The jarring image you see above isn't a real dog — but it is a hero of sorts.

In fact, this synthetic canine could be the solution to a vexing problem for veterinary schools: How do you teach vet students to save cats and dogs if they don't practice surgical procedures on real animals? A biotech company says it has developed the answer: the SynDaver Synthetic Canine, an anatomically correct, skinless model of a dog.

The artificial canine comes complete with tissue that is similar to a dog's living tissue, and it has functioning bodily systems. It has a heartbeat and a circulatory system and it bleeds when surgical incisions are made. According to the manufacturer, the model can be customized to mimic specific diseases, illnesses and even certain medical complications.

According to the press release, some veterinary students must work in "terminal surgery labs" where they work on live, anesthetized shelter animals and then euthanize them after the procedure. In addition, they work on canine cadavers, which typically are euthanized animals that come from shelters.

“A significant number of students do not care to be involved in terminal surgery procedures or the use of live animals when there is an alternative,” said Dr. Michael Blackwell, a member of the board of directors of the Humane Society Veterinary Medical Association. “I am so happy to have this change because that is where we need to be today.”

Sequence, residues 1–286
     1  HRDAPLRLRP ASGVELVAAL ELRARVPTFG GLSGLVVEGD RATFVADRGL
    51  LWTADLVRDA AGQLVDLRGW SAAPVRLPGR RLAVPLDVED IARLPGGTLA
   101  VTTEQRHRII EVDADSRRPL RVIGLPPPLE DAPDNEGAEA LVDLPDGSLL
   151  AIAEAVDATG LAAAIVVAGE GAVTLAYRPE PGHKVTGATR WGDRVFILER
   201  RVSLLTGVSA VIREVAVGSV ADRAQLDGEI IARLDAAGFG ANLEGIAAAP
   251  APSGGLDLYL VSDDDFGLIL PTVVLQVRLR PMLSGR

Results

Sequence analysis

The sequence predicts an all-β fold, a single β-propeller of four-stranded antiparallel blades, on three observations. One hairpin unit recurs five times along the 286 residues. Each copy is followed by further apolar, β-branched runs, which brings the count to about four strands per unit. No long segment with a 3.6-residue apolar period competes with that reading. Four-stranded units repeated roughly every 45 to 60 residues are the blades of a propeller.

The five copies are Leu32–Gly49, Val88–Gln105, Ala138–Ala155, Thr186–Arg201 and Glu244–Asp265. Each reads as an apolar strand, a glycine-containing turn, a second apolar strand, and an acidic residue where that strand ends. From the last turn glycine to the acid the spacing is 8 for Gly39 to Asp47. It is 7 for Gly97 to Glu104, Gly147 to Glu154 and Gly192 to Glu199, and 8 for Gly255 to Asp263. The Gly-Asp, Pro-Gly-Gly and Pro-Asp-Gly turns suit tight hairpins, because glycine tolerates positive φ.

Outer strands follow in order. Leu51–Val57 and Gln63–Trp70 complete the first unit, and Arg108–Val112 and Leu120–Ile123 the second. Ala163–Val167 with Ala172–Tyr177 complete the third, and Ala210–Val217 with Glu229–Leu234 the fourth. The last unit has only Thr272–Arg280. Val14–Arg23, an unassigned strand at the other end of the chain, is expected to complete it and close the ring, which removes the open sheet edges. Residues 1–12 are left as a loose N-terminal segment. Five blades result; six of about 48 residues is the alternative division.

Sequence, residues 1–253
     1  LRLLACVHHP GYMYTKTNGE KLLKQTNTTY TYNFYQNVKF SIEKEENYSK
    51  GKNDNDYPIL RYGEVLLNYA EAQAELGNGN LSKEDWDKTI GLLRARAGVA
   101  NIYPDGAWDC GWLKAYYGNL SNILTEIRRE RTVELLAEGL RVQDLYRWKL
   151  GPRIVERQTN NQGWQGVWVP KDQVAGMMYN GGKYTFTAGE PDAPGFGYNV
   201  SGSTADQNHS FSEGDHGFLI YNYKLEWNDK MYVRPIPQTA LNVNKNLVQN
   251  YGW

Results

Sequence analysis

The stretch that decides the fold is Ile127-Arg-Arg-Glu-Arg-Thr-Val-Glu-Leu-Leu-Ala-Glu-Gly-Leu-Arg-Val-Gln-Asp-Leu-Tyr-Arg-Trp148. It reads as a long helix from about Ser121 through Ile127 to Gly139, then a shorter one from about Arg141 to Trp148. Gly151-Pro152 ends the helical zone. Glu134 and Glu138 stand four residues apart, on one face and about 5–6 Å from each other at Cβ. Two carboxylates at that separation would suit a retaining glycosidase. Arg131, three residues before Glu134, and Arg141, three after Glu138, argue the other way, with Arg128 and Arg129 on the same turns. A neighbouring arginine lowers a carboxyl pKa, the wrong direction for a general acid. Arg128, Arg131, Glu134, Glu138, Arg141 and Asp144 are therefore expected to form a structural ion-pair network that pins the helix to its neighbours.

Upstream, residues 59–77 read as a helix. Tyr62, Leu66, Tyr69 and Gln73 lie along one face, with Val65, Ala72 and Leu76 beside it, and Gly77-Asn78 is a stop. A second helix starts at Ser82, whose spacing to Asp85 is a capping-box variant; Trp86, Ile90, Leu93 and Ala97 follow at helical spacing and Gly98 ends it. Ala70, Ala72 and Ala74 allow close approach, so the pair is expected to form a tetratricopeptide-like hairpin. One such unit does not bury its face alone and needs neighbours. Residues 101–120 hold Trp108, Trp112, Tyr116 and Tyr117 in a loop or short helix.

Blackwell points out in the video above that most veterinary students at some time or another have to anesthetize a dog or a cat and perform a procedure as part of the learning process, "but at the end, the animal is not allowed to wake up."

The company has launched a $24 million crowdfunding campaign on IndieGoGo. So far, about $3,000 has been raised. With the funds, SynDaver promises to give 20 of the synthetic dogs to every accredited veterinary college in the world.

Mary Jo DiLonardo Mary Jo writes about everything from health to parenting — and anything that helps explain why her dog does what he does.